Last Updated on September 17, 2021 by Jim Ferri
Next time you’re in London, leave an hour or two to visit the Soane Museum. Once you’re in the former home of Sir John Soane you’ll be astounded by what this man collected…and collected…and collected…
Estimated reading time: 6 minutes
By Jim Ferri
Some time ago when I was in London I stayed at the Radisson Edwardian Hotel in South Kensington. The hotel had been formed by joining together several buildings, which gave it a rather odd floor plan, and they managed to shoehorn a room into every free square foot of space, even on stairwell landings between floors.
I remember walking out of the hotel one morning thinking the place was almost claustrophobic. In retrospect, it’s quite funny since that day I was on my way to a place that would take that feeling of near-claustrophobia and multiply it ten-fold.
My destination that morning was Sir John Soane’s Museum, one of the best of London’s small museums, and crammed with thousands of treasures big and small, all accumulated in one of the most surprising and little-known museums in London. You’ll find it in the Lincoln’s Inn area of London, a quiet and dignified area of the city regarded as “legal London,” as evidenced by the many lawyers going to and from the nearby Royal Courts of Justice.
It sits across from Lincoln’s Inn Fields, a public execution site under the Tudors and Stuarts. On the far side of the Fields, directly across from the Soane, is the Royal College of Surgeons and, a few steps away, the Old Curiosity Shop, which escaped the Great Fire of London. It’s a rare 17th-century building and the oldest shop in central London, although it’s unknown whether it is the shop described by Charles Dickens in his famous novel of the same name.
Former Home of London’s Compulsive Collector
The Museum is the former home of Sir John Soane a leading architect of 19th century and the designer of the Bank of England. The small Museum, much like my hotel, was really three small buildings stitched together and they held more stuff than anyone could ever imagine. Although almost every foot of space in the museum is taken up by the collection, artfully placed mirrors in some galleries give the illusion of more space.
The house(s) was left to the British nation by Sir John when he died in 1837 at the age of 84. Wisely, with the gift he included the stipulation that nothing in the house be changed and today it remains much as it was in his lifetime.
Although you’ll only see a small part of the eclectic collection, it’s size is staggering: 30,000 architectural drawings, almost 7,000 historical volumes, 300+ pieces of furniture, Peruvian pottery, stained glass, 44 models of the Bank of England alone. Many of the rooms in the small museum are filled to the brim, every wall covered with Soane’s great collection of items from all over the world. In the Picture Room there are even panels covered with paintings that unfold to reveal more paintings behind them. Given Sir John’s reputation as an architect, it’s not too surprising that an atrium rises from the basement to the roof, with galleries on each floor illuminated by a glass dome.
I walked through the narrow aisles very carefully, afraid to bump into anything in the massive collection. There were only about a dozen visitors in the Soane when I was there and we were outnumbered by staff that stood in every room, even in some rooms that were not much larger than a walk-in closet.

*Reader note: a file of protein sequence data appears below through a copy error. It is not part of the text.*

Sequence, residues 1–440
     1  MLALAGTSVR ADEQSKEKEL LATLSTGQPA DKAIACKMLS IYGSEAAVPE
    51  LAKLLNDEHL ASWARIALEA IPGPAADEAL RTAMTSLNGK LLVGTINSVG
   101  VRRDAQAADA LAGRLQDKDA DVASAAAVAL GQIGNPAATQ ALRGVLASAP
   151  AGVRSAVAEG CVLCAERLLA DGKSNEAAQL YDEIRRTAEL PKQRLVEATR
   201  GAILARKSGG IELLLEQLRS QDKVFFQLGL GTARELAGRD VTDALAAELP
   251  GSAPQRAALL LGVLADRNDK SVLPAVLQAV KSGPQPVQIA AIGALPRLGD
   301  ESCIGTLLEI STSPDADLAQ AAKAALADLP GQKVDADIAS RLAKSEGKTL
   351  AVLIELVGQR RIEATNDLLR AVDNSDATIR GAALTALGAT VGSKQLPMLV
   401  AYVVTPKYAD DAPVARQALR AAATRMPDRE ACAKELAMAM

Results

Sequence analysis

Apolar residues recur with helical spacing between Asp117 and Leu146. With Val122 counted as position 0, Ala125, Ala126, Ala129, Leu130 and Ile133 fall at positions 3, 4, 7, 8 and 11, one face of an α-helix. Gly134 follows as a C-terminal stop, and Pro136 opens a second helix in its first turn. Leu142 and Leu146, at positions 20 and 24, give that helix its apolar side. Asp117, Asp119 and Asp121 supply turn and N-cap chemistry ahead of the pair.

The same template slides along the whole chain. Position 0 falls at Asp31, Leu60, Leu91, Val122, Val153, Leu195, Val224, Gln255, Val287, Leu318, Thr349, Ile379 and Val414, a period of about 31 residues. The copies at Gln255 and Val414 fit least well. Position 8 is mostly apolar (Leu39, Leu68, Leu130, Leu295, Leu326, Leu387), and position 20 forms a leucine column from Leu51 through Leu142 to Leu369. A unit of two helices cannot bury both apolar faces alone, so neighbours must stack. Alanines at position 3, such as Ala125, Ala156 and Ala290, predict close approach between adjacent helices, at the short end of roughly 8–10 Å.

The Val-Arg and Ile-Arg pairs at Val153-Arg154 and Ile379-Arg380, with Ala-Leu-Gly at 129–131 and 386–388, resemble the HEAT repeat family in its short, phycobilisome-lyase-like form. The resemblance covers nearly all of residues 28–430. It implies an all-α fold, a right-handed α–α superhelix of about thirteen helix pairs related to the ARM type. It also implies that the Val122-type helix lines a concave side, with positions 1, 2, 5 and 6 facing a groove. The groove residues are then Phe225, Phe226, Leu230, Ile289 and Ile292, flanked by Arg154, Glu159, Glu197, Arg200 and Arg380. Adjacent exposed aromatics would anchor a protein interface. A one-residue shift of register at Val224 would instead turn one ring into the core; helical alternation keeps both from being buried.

The Model Room and Soane’s Grand Prize
One of Sir John Soane’s final additions to this small London museum before his death was the Model Room in the museum’s Private Apartments. It contains cork and plaster architectural models of some of the most famous monuments of the ancient world, almost a Grand Tour in miniature.
The temples and monuments were seen by Soane on his Grand Tour of Europe, then considered a rite of passage among British elite. Soane financed the tour with the prize he had won, at age 23, from the Royal Academy for his design of a Classical Triumphal Bridge. You can view the Model Room only on the museum’s “Highlights and Private Apartments Tour” (which covers the entire Museum) or on one of the volunteer-led Apartments Tours.
The biggest prize in Soane’s home, however, is in the basement, which he designed to have the atmosphere of a Roman burial chamber. Ironically, though, the large sarcophagus it contains is not that of a Roman, but of an Egyptian, King Seti who lived about 1300 BC. Sir John purchased the treasure after the British Museum turned it down, believing the £2,000 price was too high. When he was finally able to bring it to his house he celebrated the occasion with three evening parties to which nearly 1,000 people were invited.
I didn’t really know what to expect before I visited the Soane, and several areas were closed off. On my next trip to London, though, I’m certainly going back – perhaps during the candlelight tour (see below) to delve deeper into the collection of this wonderful small London museum. You’ll find parts of it beautiful, some are peculiar, but all mesmerizing.
If you go:
Sir John Soane’s Museum
13 Lincoln’s Inn Fields
London WC2A 3BP
Tel: + 44 (0) 20 7405 2107
The museum is reached via the Holborn Station of the Underground and is open Tuesday to Saturday, 10am-5pm. Admission is free, as are many other things to do in London. It also hosts a museum tour each Saturday at 11.00am. Admission is on a first-come basis with tickets (cost £5) going on sale at 10.30am.
The Museum is also lit by candlelight on the first Tuesday of each month, between 6 and 9pm (last entry 8:00pm). The event is extremely popular, and since the queue generally builds up from around 5pm, it’s recommended you arrive as early as possible.